Damage resulting from a loss of electrical power may be covered by a CGL

A “mechanical or electrical breakdown or derangement” exclusion in an insurance policy refers to an internal problem or defect in a machine, not an external interruption in the machine’s power supply.  As such damage resulting from a loss of power was covered by the CGL policy.  The trial judge noted that the equipment did not stop because of an inernal breakdown, but beause of a power outage - in effect the blackout pulled the plug on the machine.  The Globe and Mail wrote an interesting article on the trial decision, which notes that the decision allowed a picklemaker to get out of a 4 year old pickle.

Caneast Foods Ltd. v. Lombard General Insurance Co. of Canada [2008] O.J. No. 1811 Ontario Court of Appeal M. Rosenberg, S. Borins and G.J. Epstein JJ.A. May 9, 2008

A regional power outage interrupted the respondent’s electrical supply for twenty-seven hours resulting in spoilage of a large quantity of the respondent’s pickles and cucumbers.  The appellant insurance company had attempted to deny the respondent’s insurance claim, relying on two exclusion clauses that precluded recovery based on “change of temperature” and “mechanical or electrical breakdown or derangement.”  On a motion for summary judgment the motions judge held that the two exclusion clauses did not apply.  The insurance company appealed that decision.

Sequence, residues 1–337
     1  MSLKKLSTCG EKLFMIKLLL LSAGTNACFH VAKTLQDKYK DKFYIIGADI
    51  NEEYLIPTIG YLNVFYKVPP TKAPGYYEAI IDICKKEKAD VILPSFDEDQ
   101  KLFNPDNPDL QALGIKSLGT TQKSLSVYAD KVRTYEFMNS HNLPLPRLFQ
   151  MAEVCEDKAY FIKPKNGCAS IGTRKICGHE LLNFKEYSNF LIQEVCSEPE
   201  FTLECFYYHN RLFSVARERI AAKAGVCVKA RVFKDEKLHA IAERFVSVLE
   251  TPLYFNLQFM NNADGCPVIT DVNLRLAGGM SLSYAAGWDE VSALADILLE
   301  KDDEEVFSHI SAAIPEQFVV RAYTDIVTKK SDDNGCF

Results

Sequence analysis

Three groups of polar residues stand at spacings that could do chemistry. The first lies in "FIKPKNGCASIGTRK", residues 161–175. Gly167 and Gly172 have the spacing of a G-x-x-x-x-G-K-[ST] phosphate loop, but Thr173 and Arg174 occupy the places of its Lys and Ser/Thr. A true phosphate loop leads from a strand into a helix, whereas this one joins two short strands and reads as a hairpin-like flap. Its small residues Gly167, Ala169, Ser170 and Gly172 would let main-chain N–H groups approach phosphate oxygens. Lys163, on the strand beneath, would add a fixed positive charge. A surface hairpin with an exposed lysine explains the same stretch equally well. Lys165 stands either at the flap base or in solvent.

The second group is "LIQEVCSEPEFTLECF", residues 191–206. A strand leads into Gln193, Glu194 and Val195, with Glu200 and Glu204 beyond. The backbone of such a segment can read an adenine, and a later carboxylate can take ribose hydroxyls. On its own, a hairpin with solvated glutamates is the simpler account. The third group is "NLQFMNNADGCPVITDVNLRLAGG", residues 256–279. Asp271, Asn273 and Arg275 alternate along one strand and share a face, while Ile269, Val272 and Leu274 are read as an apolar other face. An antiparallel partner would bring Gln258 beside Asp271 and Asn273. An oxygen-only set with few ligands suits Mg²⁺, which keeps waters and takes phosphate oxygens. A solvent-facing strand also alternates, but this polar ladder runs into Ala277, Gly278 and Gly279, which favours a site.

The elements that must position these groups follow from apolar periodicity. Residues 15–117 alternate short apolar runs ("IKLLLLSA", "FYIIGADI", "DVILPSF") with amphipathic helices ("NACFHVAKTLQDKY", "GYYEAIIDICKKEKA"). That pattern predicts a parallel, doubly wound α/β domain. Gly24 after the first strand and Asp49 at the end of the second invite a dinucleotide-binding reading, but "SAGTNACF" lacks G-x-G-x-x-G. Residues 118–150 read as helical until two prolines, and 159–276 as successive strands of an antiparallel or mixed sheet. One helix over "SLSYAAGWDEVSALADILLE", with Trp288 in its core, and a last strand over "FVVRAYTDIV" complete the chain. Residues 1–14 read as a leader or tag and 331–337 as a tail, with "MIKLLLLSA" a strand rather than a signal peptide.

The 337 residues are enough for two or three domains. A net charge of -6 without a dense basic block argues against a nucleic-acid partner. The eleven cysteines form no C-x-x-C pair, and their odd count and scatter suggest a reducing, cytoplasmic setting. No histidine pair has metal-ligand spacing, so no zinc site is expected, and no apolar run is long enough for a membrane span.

On appeal, the appellant conceded that it could not rely on the “change of temperature” exclusion because of the decision of the Ontario Court of Appeal in 94325 Ontario Inc. v. Commonwealth Insurance Co. (2006). 81 O.R. (3d) 399 (C.A.).  However, the appellant argued that coverage should be denied based on the “mechanical or electrical breakdown or derangement” exclusion.  The Court of Appeal held that the motions judge had reached the correct result in holding that the exclusion did not apply.  The Court of Appeal summarized the principles applied in reaching this conclusion, at para. 24:

“breakdown” and “derangement” refer to an internal problem or defect in a machine, and not the machine’s failure to operate due to an interruption to its power supply caused by a regional blackout.  Caneast’s refrigeration did not stop because of some internal defect; it stopped because the power to it was cut off.  Moreover, I agree with the motion judge that had Lombard intended to exclude blackouts from the perils covered by the policy, it would have been a simple matter to do so.

This case was originally summarized by jhavelaar@harpergrey.com and edited by dpilley@harpergrey.com

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